“This is not the time to put the brakes on efforts to restore the Chesapeake Bay. Our progress has been hampered by extreme weather events, but we must keep fighting,” said U.S. Senator Ben Cardin (MD). “The health of the Chesapeake Bay depends on all of us in the region—federal, state, local, and private partners—working together toward a common goal: the preservation and restoration of the watershed, which in turn ensures better health for our citizens, economy, and local wildlife.”
“Improving the health of the Bay doesn’t happen overnight, or even in a month or a year. We must be constantly vigilant in our efforts to restore the Bay, and that starts with providing adequate funding for the Chesapeake Bay Program and other cleanup efforts,” said U.S. Senator Chris Van Hollen (MD). “I will continue working through my role on the Appropriations Committee to prevent attempts to cut funding and to provide the Bay with the resources it needs to thrive.”
Actions that individuals can take to contribute to a cleaner Bay include reducing fertilizer use from all sources, carpooling and using public transportation, and connecting with people across the entire Bay Watershed to work together.
This is the 13th year that the University of Maryland Center for Environmental Science’s Integration and Application Network has produced the report card. It is the longest-running and most comprehensive assessment of Chesapeake Bay and its waterways.
This report card uses extensive data and analysis which enhances and supports the science, management, and restoration of the Bay.
For more information, visit the 2018 Chesapeake Bay Report Card webpage.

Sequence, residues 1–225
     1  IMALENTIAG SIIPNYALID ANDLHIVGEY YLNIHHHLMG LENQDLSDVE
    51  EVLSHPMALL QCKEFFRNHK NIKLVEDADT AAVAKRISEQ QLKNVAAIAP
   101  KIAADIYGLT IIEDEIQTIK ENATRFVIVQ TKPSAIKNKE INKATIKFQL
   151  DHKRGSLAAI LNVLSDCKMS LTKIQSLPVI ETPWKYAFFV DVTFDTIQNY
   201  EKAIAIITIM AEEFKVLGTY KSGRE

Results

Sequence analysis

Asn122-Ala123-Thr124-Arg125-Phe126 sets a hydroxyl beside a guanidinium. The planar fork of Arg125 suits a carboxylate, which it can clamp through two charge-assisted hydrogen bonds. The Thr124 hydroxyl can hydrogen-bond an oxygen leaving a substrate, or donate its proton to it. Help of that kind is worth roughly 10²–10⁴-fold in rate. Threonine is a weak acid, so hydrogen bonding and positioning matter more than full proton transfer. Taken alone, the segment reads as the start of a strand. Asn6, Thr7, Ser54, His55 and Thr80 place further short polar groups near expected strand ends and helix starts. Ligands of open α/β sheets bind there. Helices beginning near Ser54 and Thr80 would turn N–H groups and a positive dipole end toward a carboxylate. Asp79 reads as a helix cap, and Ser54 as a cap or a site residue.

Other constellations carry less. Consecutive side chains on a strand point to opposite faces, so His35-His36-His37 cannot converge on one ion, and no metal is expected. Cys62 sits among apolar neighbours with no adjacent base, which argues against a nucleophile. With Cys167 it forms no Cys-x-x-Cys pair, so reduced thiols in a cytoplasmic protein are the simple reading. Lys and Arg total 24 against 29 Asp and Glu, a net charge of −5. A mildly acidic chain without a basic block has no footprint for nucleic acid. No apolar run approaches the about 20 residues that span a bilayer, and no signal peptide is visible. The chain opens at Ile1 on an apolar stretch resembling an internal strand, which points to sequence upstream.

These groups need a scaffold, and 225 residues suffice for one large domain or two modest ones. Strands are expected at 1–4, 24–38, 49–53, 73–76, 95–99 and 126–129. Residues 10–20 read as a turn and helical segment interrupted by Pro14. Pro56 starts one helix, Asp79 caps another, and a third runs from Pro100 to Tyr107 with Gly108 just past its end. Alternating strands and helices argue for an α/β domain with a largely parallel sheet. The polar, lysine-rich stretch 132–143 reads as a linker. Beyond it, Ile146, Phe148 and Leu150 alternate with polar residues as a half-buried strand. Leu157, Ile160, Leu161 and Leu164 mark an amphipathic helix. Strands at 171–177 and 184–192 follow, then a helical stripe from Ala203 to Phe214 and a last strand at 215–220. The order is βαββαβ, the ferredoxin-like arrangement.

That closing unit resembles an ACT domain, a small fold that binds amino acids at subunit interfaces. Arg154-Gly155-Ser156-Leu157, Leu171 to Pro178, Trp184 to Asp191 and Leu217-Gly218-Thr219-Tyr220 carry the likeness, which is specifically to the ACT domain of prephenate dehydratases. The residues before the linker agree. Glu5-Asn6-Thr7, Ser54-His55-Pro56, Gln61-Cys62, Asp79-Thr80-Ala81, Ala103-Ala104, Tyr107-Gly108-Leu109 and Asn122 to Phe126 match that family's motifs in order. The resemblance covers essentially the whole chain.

Chesapeake Bay Foundation Director of Science and Agricultural Policy Beth McGee issued this statement on the results, saying “Despite the setbacks observed in 2018, long-term trends are moving in the right direction. The Bay is showing increased resiliency that reduces short-term damage and should speed recovery from extreme weather events.
“The Bay is recovering but it is a fragile recovery. Extreme weather caused by climate change means pollution must be reduced even more from sources we can control. The states and federal government must do more to save the Bay.
“The report includes new indicators to assess ecosystem health throughout the watershed, not just the tidal areas. One finding was that nitrogen scores were typically better in rural areas compared to urban waterways. As the states are currently developing the final phase of their clean-up plans, this underscores the need to accelerate efforts to address pollution from urban and suburban runoff as well as to continue to make progress reducing pollution from agriculture, which is still the largest source.”
For more on Chesapeake Bay-related issues in Pennsylvania, visit the Chesapeake Bay Foundation-PA webpage.  Click Here to sign up for Pennsylvania updates (bottom of left column).  Click Here to support their work.
The PA Chesapeake Bay Watershed Implementation Plan is now available for public comment until June 7.  The Plan outlines the steps Pennsylvania will take to meet its Chesapeake Bay cleanup obligations. Click Here for more information.
The PA Organization for Watersheds and Rivers is hosting a May 28 Webinar and a May 31 public meeting in Lewisburg, Union County to provide an opportunity for the public to hear an overview of the draft PA Chesapeake Bay Watershed Implementation Plan and ask questions.  Click Here for more information.
(Photo: Muddy Susquehanna River after heavy rainfall at Conowingo Dam just south of the PA-MD border.)